Archives for April 2012

Digital Pedagogies

We had a fantastic guest lecturer– Derek Bruff, from our own Center for Teaching. Quickly, some photos of what we did.

Digital Growing Pains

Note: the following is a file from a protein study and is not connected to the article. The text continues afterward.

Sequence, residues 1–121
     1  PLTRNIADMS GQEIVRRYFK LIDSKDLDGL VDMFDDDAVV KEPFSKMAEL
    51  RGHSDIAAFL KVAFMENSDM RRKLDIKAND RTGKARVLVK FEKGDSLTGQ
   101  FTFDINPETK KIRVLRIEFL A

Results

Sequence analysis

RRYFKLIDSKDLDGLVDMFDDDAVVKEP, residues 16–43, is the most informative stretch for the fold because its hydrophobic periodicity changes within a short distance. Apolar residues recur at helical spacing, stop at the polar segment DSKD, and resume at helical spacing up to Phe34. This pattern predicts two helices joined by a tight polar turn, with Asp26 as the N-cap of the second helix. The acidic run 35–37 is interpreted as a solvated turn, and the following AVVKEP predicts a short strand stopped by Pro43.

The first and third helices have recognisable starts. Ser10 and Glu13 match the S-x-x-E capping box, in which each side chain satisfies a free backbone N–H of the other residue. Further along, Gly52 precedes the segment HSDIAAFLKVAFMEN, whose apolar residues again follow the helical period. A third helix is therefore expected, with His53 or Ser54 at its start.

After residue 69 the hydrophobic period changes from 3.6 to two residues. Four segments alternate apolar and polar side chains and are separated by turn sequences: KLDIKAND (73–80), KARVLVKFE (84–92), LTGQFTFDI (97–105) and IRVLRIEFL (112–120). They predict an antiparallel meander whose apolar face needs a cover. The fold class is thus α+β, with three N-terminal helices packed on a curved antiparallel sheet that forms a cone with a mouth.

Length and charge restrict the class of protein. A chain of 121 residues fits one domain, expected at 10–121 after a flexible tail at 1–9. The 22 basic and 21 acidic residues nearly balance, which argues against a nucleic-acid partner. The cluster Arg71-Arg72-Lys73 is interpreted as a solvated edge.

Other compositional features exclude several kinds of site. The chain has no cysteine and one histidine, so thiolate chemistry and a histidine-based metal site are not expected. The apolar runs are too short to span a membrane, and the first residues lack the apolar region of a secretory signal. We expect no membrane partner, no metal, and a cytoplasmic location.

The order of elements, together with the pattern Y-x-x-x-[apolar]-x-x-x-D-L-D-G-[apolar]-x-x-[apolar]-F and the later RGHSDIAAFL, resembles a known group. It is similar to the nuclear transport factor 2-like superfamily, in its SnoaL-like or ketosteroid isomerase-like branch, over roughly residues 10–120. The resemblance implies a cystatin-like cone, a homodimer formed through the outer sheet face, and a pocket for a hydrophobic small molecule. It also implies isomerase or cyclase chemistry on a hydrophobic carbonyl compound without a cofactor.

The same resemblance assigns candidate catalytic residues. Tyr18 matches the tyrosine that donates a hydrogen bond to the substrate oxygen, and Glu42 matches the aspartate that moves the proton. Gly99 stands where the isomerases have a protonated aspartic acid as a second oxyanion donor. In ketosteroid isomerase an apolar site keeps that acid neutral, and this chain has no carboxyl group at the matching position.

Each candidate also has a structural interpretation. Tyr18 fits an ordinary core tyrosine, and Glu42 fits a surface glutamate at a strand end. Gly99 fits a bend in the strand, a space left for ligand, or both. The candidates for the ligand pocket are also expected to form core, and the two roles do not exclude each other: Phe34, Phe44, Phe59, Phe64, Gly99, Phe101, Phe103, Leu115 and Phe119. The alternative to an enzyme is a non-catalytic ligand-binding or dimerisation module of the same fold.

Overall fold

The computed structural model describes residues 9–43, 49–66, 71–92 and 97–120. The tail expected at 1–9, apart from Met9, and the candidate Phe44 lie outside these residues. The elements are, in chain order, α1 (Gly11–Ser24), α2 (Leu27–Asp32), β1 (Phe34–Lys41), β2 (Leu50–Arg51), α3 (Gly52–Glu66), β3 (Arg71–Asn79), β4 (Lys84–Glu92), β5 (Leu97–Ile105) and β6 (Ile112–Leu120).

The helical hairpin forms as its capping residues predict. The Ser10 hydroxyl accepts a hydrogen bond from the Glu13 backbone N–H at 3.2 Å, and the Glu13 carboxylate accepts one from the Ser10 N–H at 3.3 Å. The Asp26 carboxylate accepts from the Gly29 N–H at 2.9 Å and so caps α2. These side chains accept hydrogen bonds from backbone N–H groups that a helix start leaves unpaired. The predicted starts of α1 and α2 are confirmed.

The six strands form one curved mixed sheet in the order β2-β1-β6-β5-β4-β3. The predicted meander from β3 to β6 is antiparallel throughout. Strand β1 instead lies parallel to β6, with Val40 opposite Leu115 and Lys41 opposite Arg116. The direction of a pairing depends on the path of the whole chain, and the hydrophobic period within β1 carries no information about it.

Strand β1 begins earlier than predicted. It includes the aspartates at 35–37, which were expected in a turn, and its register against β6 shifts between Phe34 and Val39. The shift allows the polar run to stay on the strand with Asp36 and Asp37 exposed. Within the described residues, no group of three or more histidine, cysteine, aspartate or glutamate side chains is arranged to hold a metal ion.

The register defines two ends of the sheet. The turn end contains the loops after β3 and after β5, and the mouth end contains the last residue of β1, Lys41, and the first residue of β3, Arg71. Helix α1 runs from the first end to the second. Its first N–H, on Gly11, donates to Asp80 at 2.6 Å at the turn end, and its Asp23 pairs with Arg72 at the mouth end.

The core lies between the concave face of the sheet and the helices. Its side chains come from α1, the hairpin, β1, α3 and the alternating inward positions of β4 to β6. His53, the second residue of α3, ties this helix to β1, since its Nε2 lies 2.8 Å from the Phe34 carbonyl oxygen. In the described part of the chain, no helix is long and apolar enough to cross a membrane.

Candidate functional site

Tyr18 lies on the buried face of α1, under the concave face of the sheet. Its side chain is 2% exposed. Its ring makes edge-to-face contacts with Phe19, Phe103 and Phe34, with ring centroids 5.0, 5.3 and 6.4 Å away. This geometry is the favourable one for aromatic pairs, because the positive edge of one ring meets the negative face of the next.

In our Digital Humanities class we are working on our final class projects in earnest. I decided to work with a partner on a project mapping text from The Travels of Sir John Mandeville. While I anticipated a learning curve for the new program we will be using, I didn’t realize the growing pains (albeit minor) I would experience in the¬†preparatory¬†phase of the project. Mainly, I underestimated the deceivingly simple search for the perfect map to use as the basis for my project. I assumed that once I had identified the historically appropriate antique map, we would be in business. I quickly found the map I wanted to use and got a digital copy, thinking I was done. However, as a novice DHer, I had underestimated the technical requirements of the software which necessitated a very high resolution map. Then, I began my search anew for the high resolution map at the library who owned a copy and was frustrated that it wasn’t available in high resolution. The solution, after a couple emails and advice, ended up being a simple constrained search on Google Images that revealed copyright-free high resolution maps. Looking back on my search at the very simple solution which could have originally taken me 5 minutes, I realized that my traditional scholarly mode got in the way. I was so focused on finding my map at a library, a “reputable” and scholarly source, that I ignored the easiest and most practical solution. I am not saying that we should ignore the sources we use, after all my map still has historical significance, but I learned that I have to be open to thinking differently about how I operate when it comes to DH. Just like a digital project is not the same as a printed book, the research may look different and have different avenues to explore. This simple little problem highlighted for me, yet again, that I need to be open to new methods and I need to reorient my thinking when working on a DH project- it is the same, but different, from my traditional research. Like in traditional research, you should expect twists and turns, but you should also enjoy and learn from the very experience of research and what it can teach you about your scholarship and yourself. Sometimes minor “growing pains” can turn into significant learning experiences.